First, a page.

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    Re: March 22 Lunar Observations
    From: George Huxtable
    Date: 2002 Mar 25, 11:53 +0000

    Arthur Pearson said-
    
    >Gentlemen,
    
    (I do like the way he addresses us as "Gentlemen...")
    
    >George's comments on the error inherent in using the slope of change in
    >computed distance is an important insight. I am still a firm believer in
    >graphic averaging as it retains the element of judgment by the observer.
    >I think having an approximate slope is better than no slope,
    >particularly if we now know from George's discussion that the slope of
    >Ds will always be less than the slope of Dc. Perhaps George could
    >calculate a rough guide for the delta between the slope of Dc and the
    >slope of Ds for different apparent altitudes. Even if we had a delta
    >value for every 10* of altitude, it would refine our ability to judge
    >the best fit line.
    
    I agree with Arthur about the value of graphic averaging, particularly in
    the early stages, as he gains experience and confidence.
    
    But I am unable to help much with his request for a simple way of
    estimating the difference between the slopes showing the rate of change of
    lunar distance, for the true Moon and for the apparent Moon. It will
    certainly be a complex matter, and is probably beyond my mathematical
    skills. The best I can do is to restate a worst-case limit, when the Moon
    is high in the sky, in which case the rate of change of movement of the
    apparent Moon against the sky background could be reduced by about 15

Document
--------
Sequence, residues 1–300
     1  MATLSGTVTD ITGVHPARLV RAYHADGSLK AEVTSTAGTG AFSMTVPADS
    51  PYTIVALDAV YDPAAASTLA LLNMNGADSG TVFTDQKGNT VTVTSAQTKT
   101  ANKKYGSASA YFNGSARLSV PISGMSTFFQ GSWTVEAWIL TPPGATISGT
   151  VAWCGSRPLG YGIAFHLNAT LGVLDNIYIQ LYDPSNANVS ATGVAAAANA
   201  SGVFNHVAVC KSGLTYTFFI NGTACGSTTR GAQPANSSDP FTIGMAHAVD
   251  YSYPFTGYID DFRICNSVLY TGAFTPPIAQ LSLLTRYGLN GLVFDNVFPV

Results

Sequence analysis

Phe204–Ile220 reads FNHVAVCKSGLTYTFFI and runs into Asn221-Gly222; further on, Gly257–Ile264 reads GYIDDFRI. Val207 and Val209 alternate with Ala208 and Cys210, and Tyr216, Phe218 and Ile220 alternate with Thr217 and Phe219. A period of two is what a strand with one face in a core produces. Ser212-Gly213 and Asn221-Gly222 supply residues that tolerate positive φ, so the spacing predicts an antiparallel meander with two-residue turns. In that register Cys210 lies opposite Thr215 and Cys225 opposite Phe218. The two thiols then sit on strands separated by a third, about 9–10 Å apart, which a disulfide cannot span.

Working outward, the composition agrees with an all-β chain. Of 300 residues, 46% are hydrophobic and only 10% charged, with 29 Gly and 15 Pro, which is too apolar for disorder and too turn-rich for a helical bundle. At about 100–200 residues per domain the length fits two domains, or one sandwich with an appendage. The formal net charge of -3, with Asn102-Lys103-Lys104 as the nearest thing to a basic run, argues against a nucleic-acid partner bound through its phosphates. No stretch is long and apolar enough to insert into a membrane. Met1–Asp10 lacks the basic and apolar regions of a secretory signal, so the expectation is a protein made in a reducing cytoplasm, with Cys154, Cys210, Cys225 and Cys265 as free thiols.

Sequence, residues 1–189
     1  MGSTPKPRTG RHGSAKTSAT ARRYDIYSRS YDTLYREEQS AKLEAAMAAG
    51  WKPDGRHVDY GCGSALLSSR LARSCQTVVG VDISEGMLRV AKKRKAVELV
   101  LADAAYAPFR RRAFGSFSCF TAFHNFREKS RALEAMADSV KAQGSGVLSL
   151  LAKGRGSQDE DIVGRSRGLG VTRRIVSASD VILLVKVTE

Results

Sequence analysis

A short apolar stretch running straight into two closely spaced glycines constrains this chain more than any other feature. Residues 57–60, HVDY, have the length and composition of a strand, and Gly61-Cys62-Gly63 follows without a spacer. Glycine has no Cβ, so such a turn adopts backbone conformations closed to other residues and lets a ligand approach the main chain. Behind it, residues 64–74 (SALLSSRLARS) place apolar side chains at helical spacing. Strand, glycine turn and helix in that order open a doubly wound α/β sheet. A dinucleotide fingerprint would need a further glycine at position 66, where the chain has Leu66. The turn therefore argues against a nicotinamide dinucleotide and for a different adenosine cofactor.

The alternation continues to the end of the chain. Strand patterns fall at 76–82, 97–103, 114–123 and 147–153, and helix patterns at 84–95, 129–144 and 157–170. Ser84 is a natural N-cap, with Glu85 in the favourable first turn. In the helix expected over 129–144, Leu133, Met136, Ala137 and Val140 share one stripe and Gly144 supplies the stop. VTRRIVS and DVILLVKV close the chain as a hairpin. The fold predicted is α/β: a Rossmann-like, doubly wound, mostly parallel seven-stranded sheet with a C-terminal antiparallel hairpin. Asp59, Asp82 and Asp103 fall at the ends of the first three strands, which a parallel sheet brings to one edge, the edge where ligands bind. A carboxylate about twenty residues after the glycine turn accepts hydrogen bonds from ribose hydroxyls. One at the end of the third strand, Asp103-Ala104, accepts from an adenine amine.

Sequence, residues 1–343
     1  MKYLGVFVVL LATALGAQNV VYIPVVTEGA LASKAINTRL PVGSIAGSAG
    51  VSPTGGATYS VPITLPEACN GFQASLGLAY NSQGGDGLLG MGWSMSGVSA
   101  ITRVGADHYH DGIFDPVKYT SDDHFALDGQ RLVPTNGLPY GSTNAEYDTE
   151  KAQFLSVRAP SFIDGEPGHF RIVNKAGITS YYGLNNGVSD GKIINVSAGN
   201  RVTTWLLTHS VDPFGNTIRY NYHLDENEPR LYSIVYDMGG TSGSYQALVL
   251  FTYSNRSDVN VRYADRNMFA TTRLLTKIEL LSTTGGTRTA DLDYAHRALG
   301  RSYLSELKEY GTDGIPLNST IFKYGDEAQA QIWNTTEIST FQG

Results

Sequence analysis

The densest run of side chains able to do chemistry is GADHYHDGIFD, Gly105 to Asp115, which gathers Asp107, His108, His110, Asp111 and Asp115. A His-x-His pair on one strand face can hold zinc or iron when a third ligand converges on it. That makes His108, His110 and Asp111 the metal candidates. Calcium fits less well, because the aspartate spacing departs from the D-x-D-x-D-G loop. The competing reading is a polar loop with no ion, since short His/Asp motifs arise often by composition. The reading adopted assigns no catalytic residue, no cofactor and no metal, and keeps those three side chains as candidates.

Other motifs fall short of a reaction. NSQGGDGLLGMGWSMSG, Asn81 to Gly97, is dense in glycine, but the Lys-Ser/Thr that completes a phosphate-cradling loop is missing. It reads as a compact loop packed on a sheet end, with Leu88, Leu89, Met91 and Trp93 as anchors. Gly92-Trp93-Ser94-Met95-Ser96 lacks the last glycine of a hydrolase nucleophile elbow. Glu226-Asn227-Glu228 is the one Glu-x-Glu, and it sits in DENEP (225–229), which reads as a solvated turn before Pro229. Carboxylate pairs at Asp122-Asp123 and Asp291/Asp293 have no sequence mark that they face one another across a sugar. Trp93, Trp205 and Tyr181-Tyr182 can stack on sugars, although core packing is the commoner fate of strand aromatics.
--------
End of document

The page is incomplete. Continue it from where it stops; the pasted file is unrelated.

minutes per hour, below the speed of the true Moon. This worst-case limit
    will vary with Moon altitude as sine (alt), roughly speaking, but there are
    several factors that are not taken properly into account.
    
    Although it's of little consolation to navigators, these parallax effects
    on the apparent motion of the Moon become zero at the poles. There are
    times when parallax effects slightly increase the apparent speed of the
    Moon. In the Northern hemisphere, this can happen when the Moon can be seen
    to the North of the East-West line, but as this happens only near rising
    and setting, when it is low in the sky, it's not a very important matter.
    
    If any listmember with a mathematical bent would like to have a go at
    fulfilling Arthur's request, I would be very happy to cooperate. In the
    meantime, there's part 5 of my monograph on lunars to get out of the way
    first.
    
    A series of lunar distances, as has been taken by Arthur, should allow a
    straight line of estimated best-fit to be drawn by hand, without any
    reference to a theoretical slope, and in my view that ought to be
    sufficient. Indeed, with the revised calculation, Arthur's series,
    scattered though it is, has now provided excellent agreement with the known
    GMT, after presumed rogue observations were eliminated..
    
    I would be very interested to see measurements by listmembers of a
    prolonged set of repeated lunar distances, from which a good value of
    rate-of-change can be deduced.
    
    George Huxtable.
    
    
    
    ------------------------------
    
    george---.u-net.com
    George Huxtable, 1 Sandy Lane, Southmoor, Abingdon, Oxon OX13 5HX, UK.
    Tel. 01865 820222 or (int.) +44 1865 820222.
    ------------------------------
    
    
    

       
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